Monday, March 12, 2007

clinical innovtions, telling patients what to expect, How to Become a Physician Hero:

“In guerilla country a handcar, light and expendable, rides ahead of the big lumbering freight train to detonate whatever explosives might have been placed on the track.”

Peter F. Drucker, The Age of Discontinuity, Harper & Row, 1968

Many health care safety innovations fill gaps in a system supposed to be continuous. Doctors can become heroes by serving as early-warning systems for patients, forewarning what lies ahead.

This blog is for doctors. Its purpose is to ensure safety of patients by informing them what to expect.

• Begin by giving patients written information about common hospital dangers. In the 1999 Institute of Medicine’s report To Err is Human hospital errors were reported to cause as many as 100,000 deaths a year in hospitals.

• Follow by “prescribing” patients online information for filling care gaps with interactive videos. The videos tell patients what surgical procedures and chronic disease episodes entail. They explain in simple, clearly illustrated, empathetic language possible dangers and complications.

Health Care Gaps

“Gaps” personify health system “fragmentation.” Gaps occur at multiple junctures, inside and outside hospitals,

• when patients are transferred from one location to another within the hospital;
• when seriously ill patients are left unattended in hospital wards;
• when patients are relocated to rehab facilities;
• when patients leave hospitals to go home,
• when patients go to pharmacies with illegible prescriptions,
• when patients are not properly instructed how to remove or insert urinary catheters or give IM injections, use bronchodilators, or perform other procedures;
• When patients are not taught to recognize complications, like gaining weight in heart failure.

Many gaps happen during “hand-offs” or transfers, within hospitals, from hospitals to other facilities, from doctors to hospitals, from doctors to care sites outside their realm, in short, in gaps between settings.

Filling Gaps in Young Patients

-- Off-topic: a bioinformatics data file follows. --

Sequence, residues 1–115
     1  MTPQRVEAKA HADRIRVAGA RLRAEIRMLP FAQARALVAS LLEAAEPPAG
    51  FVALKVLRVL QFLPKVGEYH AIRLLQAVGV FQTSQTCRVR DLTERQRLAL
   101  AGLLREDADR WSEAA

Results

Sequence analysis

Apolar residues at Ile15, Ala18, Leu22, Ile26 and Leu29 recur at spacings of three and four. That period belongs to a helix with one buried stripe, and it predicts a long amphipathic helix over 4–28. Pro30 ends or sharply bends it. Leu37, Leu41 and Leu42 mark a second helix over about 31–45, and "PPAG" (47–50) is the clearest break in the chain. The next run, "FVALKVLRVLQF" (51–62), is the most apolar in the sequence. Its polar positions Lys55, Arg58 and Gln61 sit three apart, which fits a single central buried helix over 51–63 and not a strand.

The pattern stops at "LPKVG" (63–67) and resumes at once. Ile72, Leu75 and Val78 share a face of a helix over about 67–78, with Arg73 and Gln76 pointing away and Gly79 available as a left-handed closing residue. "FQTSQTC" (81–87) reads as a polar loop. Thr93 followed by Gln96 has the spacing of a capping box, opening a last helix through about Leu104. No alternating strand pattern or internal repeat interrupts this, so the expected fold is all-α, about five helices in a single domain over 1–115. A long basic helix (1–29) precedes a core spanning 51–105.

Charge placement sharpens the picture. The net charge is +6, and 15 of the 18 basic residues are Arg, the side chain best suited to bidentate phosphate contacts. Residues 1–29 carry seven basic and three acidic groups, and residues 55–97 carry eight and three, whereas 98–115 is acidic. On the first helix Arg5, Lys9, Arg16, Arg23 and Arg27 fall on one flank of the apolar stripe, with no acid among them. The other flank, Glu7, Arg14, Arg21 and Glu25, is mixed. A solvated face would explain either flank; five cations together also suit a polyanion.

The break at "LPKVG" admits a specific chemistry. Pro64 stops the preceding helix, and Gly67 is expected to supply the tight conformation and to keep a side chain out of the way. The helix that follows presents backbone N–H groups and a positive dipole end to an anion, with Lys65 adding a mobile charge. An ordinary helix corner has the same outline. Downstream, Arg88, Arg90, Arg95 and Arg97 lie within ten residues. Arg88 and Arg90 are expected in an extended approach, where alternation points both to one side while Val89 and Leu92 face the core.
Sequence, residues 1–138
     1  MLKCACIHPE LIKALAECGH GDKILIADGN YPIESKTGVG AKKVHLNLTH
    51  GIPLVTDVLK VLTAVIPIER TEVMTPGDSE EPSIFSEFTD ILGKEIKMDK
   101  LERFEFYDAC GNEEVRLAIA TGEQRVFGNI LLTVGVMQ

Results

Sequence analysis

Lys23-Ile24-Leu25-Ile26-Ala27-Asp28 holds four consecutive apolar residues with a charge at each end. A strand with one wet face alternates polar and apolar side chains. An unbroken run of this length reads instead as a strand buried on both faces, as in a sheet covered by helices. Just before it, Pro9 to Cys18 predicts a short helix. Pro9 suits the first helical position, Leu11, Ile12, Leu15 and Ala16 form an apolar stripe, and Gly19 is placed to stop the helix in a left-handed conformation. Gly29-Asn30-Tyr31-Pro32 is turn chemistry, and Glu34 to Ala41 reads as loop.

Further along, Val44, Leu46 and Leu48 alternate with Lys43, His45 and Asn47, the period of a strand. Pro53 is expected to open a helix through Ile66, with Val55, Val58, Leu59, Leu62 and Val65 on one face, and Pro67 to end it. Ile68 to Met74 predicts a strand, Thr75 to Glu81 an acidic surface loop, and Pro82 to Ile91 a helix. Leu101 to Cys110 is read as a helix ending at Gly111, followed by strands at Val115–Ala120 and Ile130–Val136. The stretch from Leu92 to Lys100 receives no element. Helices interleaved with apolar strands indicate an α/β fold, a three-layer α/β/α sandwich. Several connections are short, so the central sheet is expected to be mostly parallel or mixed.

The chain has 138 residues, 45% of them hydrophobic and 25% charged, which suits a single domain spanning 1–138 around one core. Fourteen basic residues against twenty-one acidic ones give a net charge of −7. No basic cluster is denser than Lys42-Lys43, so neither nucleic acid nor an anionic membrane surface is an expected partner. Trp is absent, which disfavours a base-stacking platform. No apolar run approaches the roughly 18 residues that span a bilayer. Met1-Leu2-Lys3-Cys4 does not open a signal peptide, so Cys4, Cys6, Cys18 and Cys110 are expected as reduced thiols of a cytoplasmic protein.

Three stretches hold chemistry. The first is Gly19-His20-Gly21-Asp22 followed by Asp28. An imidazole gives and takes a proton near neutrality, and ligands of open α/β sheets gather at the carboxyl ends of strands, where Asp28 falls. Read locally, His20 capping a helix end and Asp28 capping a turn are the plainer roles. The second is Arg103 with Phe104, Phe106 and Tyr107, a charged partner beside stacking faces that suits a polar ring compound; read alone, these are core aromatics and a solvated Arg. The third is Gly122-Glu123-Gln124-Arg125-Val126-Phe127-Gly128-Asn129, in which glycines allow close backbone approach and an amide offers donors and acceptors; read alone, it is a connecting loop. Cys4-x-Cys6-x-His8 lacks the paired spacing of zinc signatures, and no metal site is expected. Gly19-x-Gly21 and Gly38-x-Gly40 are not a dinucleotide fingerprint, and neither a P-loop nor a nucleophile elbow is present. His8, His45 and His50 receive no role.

For pediatricians and those who give anesthesia or operate on children or adolescents, the process of filling gaps is important, Because of smaller size, children may experience special anesthesia problems and adult doses of antibiotics or pain killers may endanger them.

I have a young friend in his 30s. Twenty years ago, a cardiorespiratory arrest after a routine cosmetic jaw procedure permanently disabled him. In the recovery room, a nurse gave him a dose of Demoral. After being transferred to a pediatric ward, a second nurse gave a second dose of Demoral, a respiratory depressant. The second dose caused a cardiorespiratory arrest with prolonged oxygen deprivation and irreversible brain damage, with ensuing gait disturbances and inability to read.

Preventable Medical Errors

I thought of my young friend, an invalid for life, when I read these paragraphs in a March 7, 2007 New York Times story, “Medication Errors are Studied,”

“Young children are the most likely victims of surgery-related medication mistakes, a new study has found, and poor communication as the patient moves from the operating room to recovery is the most likely culprit.”

“The study was confined to errors made on patients undergoing surgery, and the rate of harm, 5 percent, was much higher than is typical for medication errors. Among children it was 12 percent.”

“Most of the errors involved painkillers and antibiotics. Four resulted in deaths, and one death was of a child.”

“Problems typically arose when a patient was handed off from the preoperative team to the operating room to the recovery room to the regular ward nurses.”

A Preventable Triple Tragedy

My friend was disabled. The surgeon and hospital were sued. The settlement requires an insurance company to pay for lifetime care, which may last 70 years after the event. Both the disability and malpractice suit were tragic enough. But also tragic was the fact that the hospital and the surgeon had no systematic way of preventing the tragedy.

The patient fell through three care gaps.

• Lack of communication between nurses in separate hospital units.
• Giving two adult doses of Demoral, a known respiratory depressant to a young patient whose jaw was wired shut who could not communicate.
• Placing the patient on a pediatric unit, ill-equipped to handle a respiratory arrest. He should have been held longer in the recovery unit.

Six Most Common Hospital Safety Gaps

Today, such tragedies may be prevented. Hospitals are beginning to focus on six common mishaps.

Donald Berwick, MD, founder and leader of the Institute of Healthcare Improvement in Boston, outlines six steps, which may prevent 100,000 deaths each year:

1) prevent ventilator-associated pneumonia (VAP);